Lake Cerknica is situated on the largest polje (karst field) in Slovenia. A temporary eutrophic lake which is usually totally dry in summer and late winter, but with an area of 2,600 ha when full in spring and autumn. There are huge expanses of reed, sedge and wet grasslands. On the eastern border of the lake, there are remnants of a raised bog. The habitats have been little affected by man. There are a few settlements along the border of the IBA, especially to the north and east, the largest being Cerknica town with 3,000 inhabitants. The lake is historically famous for its underground water system, first described in 1689.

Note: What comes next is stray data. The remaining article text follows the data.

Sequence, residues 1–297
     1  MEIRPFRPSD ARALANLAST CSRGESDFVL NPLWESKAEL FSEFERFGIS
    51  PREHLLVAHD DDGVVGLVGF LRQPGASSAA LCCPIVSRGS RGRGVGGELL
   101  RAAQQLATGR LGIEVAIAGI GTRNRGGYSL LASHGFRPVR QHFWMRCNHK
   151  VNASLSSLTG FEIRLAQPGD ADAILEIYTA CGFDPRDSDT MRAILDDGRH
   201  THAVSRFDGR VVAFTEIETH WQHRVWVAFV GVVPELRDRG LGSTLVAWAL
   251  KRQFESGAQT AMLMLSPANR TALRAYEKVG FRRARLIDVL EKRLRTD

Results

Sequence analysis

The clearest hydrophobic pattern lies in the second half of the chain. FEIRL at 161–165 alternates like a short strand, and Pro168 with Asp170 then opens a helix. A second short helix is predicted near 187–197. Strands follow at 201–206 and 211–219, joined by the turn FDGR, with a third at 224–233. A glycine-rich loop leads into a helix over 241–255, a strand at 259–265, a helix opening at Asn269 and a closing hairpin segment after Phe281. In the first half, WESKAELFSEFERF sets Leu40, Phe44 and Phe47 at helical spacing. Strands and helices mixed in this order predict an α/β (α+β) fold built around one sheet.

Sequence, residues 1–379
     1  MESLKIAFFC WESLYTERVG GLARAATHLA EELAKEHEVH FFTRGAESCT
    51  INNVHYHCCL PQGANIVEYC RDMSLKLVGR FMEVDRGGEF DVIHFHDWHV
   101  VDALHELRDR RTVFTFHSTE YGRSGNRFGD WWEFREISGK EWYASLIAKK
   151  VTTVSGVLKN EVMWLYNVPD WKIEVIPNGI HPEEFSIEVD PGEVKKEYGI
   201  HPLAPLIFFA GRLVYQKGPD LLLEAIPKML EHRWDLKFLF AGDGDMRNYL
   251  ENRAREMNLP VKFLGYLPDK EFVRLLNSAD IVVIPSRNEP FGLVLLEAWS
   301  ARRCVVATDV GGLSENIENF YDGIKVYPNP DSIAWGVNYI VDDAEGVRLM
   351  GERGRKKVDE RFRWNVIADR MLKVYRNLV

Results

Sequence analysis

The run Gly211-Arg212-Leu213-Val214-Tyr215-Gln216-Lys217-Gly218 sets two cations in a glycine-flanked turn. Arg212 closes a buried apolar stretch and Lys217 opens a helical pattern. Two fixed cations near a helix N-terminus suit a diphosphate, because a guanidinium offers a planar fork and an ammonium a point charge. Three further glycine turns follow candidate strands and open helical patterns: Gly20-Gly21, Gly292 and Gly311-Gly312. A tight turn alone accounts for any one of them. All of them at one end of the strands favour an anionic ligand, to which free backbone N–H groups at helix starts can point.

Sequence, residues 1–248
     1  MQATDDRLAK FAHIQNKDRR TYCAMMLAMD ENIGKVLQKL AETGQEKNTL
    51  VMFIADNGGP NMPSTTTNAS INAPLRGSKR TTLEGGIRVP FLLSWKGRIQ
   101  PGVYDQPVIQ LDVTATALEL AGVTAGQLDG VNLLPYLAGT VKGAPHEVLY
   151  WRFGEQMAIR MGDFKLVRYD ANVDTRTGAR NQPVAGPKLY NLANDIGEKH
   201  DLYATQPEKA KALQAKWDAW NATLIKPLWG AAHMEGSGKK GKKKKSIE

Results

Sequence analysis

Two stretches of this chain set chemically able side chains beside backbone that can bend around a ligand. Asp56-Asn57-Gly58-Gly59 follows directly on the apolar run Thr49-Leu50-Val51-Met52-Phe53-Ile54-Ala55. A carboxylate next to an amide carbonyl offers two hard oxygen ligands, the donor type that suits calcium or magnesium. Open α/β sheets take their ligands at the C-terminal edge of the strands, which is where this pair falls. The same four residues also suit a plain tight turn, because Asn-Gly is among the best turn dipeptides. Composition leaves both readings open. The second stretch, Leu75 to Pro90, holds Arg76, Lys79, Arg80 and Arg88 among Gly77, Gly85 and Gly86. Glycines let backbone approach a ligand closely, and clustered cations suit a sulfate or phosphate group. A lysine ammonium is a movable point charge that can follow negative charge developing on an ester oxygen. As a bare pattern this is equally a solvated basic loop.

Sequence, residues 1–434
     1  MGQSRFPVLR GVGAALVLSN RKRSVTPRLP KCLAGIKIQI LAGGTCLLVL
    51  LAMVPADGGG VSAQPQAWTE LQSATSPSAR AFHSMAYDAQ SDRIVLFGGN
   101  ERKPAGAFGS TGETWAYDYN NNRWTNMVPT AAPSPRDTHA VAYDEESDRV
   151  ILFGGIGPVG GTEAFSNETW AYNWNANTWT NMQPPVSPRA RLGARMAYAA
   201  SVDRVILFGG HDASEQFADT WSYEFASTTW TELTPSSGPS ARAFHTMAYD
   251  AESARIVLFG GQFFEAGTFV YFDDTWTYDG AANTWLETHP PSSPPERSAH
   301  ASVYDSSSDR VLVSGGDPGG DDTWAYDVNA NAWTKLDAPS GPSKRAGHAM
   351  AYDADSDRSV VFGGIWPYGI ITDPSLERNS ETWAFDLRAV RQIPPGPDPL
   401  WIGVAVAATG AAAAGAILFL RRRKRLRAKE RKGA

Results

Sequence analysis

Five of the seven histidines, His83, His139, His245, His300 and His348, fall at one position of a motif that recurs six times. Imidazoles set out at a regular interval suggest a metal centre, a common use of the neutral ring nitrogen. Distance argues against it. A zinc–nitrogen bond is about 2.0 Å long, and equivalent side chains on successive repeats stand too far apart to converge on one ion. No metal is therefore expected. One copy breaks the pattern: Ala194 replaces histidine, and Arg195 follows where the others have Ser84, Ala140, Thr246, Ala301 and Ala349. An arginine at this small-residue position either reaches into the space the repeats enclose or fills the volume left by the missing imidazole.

Important numbers of the globally threatened Crex crex breed. Other species of global conservation concern that do not meet IBA criteria: Aythya nyroca (1-5 pairs, the most important breeding site in Slovenia; 10-25 birds on passage), Haliaeetus albicilla (2-5 birds feed in the area but do not breed). A total of 230 bird species have been recorded so far, of which 94 species have bred. Besides its international importance, the site has great value for nationally rare breeding species and nationally important numbers of waterbirds in winter and on passage.
BirdLife International (2020) Important Bird Areas factsheet: Lake Cerknica. Downloaded from http://www.birdlife.org on 17/02/2020.